On Wednesday (2 February), the Senate approved Bill No. 23/2020, drafted by the Federal Government to implement sanitary measures to combat the coronavirus. The law was signed off by President Jair Bolsonaro last week, considering that the Brazilians repatriated by air from Wuhan, China, the epicenter of the coronavirus outbreak, are expected to land in Brazil on Saturday (8 February).

According to the Federal Government, repatriation was conditional on consent to impose sanitary measures including, e.g., 18 days of quarantine, temperature checks 3 times a day, collection of clinical samples, medical examinations and laboratory tests. However, the law needs to be approved to guarantee the legitimacy of these compulsory sanitary measures, especially if Brazil has a confirmed case.

Last week, WHO classified the epidemic as a Public Health Emergency of International Concern and called for coordinated international action to combat the spread.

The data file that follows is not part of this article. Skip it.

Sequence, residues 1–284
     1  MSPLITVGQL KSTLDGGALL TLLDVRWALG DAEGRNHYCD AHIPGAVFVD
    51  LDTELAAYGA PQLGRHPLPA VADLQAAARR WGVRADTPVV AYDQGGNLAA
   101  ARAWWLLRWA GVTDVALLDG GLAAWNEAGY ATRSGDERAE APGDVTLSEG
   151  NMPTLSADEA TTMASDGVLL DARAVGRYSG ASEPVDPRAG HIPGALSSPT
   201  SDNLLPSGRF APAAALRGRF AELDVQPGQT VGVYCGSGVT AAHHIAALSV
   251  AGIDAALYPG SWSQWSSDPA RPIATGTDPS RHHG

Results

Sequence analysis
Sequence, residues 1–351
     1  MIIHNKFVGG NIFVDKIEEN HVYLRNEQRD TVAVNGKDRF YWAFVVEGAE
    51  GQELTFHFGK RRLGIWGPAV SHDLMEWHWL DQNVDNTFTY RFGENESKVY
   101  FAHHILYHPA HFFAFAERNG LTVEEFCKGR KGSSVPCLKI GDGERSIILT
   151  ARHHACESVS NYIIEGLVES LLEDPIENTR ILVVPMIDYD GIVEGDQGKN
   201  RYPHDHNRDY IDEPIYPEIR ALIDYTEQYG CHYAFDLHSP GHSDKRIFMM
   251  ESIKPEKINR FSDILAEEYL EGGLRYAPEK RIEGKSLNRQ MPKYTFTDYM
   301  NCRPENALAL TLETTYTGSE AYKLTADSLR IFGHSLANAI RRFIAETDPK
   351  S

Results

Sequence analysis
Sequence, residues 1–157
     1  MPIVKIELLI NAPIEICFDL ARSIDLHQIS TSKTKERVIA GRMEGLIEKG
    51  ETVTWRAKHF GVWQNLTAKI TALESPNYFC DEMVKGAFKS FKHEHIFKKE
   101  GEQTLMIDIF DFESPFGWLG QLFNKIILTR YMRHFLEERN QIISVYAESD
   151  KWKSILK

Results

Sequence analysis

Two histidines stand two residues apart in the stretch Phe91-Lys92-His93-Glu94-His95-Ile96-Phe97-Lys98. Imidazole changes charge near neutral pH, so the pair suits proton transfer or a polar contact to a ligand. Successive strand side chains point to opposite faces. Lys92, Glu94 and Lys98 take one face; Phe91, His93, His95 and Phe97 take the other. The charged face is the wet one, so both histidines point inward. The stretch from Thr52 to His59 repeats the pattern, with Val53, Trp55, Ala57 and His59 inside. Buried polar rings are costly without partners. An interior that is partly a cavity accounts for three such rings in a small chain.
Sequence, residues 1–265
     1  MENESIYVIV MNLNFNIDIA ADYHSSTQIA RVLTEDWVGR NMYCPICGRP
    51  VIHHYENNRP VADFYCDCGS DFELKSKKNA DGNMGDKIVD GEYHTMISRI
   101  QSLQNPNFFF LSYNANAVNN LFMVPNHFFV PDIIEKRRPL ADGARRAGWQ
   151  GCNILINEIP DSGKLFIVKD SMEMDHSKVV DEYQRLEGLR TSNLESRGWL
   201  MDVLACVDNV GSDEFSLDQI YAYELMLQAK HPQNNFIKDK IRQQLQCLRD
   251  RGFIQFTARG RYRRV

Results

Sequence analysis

On Friday (31 January), following WHO’s protocol, the Ministry of Health and ANVISA released sanitary control measures for ports and airports.

Uncertainty over the outbreak’s progress has increased concerns for Brazilian companies that have been observing measures adopted in affected countries, such as functioning of essential service activities, home office assignments, paid or unpaid leave and, in particular, the limits of employer power over an employee’s constitutional right to privacy and discrimination.

Our labor practice has been following legislative updates and guidelines from the Ministry of Health regarding the advancement of coronavirus and we are at your disposal to address doubts and present solutions to minimize corporate impacts.

*In cooperation with Trench Rossi Watanabe, a Brazilian law firm. Please contact Paula Balduino for inquiries.

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